Bahrain food traders hit by black market
Manama, May 24, 2012
A black market in fruit and vegetables supplied by illegal importers is threatening to put Bahrain's legitimate greengrocers out of business, traders in the kingdom have complained.
Fresh produce is being imported by companies without proper licences and then sold in the local market, traders complained yesterday.
They said this allowed them to undercut licensed importers, who paid additional fees to bring in food legally.
Traders who buy food from illegal importers are then able to undercut their competitors supplied by licensed transport firms, since the costs are cheaper, they claimed.
The issue was raised during a meeting of fruit and vegetable traders at the Manama Central Market and members of the Bahrain Chamber of Commerce and Industry's (BCCI) Food and Agriculture Committee.
"They have brought to our notice the activities of those importers who operate without licences and supply goods to other traders, bypassing the legitimate traders," committee head and BCCI board member Ibrahim Al Daayasi told our sister publication the Gulf Daily News (GDN).
He explained that orders were placed verbally with unlicensed operators who avoid paying fees. "This renders the business of legitimate traders unprofitable," he said.
The GDN previously reported that a fruit and vegetable black market operated by foreign roadside vendors was also damaging trade at the market.
However, Al Daayasi said another issue was Bahraini importers renting out import licences to casual traders and taking a cut of the profits.
Another complaint was the fact that there was no business after 3pm at the market because people had stopped showing up in the afternoon, a direct impact of unrest.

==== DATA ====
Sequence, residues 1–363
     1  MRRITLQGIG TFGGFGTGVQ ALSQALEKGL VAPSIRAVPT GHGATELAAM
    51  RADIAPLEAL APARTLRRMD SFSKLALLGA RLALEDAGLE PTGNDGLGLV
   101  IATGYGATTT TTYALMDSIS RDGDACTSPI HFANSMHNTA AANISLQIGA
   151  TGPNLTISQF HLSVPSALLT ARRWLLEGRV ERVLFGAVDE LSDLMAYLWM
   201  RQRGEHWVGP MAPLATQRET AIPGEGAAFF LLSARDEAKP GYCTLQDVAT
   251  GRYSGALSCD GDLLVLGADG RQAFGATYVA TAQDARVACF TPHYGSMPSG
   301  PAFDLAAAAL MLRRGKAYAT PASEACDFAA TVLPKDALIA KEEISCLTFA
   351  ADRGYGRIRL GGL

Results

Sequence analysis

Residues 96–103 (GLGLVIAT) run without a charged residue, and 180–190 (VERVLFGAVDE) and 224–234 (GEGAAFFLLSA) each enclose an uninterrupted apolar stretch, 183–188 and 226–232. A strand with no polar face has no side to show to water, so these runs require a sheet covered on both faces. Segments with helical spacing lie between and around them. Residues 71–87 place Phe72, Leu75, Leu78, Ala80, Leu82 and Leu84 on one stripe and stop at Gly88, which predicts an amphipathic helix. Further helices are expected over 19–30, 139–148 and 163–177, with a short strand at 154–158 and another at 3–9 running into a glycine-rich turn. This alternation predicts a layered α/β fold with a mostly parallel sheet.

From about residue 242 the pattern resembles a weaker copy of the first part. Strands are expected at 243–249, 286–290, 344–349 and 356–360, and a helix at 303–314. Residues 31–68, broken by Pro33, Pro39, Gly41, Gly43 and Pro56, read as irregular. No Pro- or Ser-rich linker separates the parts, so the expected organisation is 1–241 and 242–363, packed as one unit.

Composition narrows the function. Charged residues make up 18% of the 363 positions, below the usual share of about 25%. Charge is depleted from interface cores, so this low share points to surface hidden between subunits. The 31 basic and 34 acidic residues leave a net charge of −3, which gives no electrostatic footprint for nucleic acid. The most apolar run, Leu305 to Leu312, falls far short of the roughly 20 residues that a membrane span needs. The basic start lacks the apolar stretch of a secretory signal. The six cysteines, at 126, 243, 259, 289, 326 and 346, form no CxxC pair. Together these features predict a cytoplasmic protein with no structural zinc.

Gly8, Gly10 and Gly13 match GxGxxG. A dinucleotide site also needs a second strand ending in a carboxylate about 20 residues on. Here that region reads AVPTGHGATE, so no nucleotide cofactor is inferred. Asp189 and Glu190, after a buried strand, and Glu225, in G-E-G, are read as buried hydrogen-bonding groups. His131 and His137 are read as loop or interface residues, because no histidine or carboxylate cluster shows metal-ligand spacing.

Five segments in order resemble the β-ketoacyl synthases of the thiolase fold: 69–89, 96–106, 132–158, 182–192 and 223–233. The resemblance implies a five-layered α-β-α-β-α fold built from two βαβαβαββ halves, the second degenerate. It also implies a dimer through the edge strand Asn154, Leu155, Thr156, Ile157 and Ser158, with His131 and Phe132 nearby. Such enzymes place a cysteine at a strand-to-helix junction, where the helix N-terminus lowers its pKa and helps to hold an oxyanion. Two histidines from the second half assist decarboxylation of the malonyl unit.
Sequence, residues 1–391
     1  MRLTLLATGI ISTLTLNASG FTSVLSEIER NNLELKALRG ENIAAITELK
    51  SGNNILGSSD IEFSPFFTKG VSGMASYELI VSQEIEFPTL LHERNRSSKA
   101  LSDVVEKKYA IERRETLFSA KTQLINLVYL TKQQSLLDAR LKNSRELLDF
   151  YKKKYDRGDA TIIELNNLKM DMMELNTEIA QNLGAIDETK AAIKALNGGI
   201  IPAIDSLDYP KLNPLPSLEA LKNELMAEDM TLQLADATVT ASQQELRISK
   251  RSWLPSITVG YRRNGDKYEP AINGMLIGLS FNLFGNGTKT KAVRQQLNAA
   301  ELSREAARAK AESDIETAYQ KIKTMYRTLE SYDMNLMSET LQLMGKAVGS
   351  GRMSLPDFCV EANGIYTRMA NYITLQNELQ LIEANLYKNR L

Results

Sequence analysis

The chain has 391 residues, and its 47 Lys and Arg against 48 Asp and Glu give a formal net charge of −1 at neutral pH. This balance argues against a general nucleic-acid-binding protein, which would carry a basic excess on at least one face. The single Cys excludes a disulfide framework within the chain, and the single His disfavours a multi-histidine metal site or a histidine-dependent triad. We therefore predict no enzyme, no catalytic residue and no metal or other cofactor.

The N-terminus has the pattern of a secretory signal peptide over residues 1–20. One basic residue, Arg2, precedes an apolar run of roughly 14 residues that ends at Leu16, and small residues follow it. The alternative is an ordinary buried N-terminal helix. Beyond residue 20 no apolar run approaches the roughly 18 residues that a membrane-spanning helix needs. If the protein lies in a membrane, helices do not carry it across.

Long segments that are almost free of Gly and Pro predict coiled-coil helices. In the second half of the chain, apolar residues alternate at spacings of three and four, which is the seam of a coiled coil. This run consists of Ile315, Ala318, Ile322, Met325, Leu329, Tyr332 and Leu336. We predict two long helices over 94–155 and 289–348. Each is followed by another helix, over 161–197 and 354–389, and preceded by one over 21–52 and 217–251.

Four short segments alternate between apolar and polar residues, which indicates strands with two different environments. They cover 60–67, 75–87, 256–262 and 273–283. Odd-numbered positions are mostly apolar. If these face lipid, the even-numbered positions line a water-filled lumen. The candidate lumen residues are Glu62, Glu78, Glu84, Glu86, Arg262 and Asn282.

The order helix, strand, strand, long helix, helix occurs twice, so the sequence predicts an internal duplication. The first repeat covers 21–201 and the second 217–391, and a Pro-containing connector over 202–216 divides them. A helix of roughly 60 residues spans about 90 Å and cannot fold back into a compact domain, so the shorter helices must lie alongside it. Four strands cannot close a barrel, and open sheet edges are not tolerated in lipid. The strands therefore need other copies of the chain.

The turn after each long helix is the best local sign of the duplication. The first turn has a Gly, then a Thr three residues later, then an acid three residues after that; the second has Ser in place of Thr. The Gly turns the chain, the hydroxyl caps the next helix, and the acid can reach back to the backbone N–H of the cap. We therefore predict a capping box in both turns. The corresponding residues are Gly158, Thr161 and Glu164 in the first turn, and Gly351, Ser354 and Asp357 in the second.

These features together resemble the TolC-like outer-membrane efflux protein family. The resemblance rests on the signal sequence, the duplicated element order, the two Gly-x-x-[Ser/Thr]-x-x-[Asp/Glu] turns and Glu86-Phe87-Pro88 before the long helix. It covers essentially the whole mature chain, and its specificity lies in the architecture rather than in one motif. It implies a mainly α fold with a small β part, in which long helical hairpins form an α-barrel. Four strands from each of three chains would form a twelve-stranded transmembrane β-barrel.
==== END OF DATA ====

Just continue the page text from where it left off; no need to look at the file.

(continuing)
"We have taken note of all these concerns and have promised to take all issues to the concerned ministries in the near future," said Al Daayasi.
"We have called another meeting with traders on June 6 to have a larger representation from them so that we can then start approaching ministries and government bodies to solve their problems."
The meeting yesterday, at the BCCI in Sanabis, followed up a visit by the committee to the Manama Central Market on May 9.
During the visit, fruit and vegetable traders issued an urgent appeal for help - saying a dramatic drop in business due to 14 months of political turmoil had compounded problems they had been facing for years.
They said instability since February last year had driven away as much as 60 to 70 per cent of their business.
Once a bustling hive of activity until late in the evening, market stalls were now closing as early as midday because people are too afraid to go for shopping there, said traders. – TradeArabia News Service
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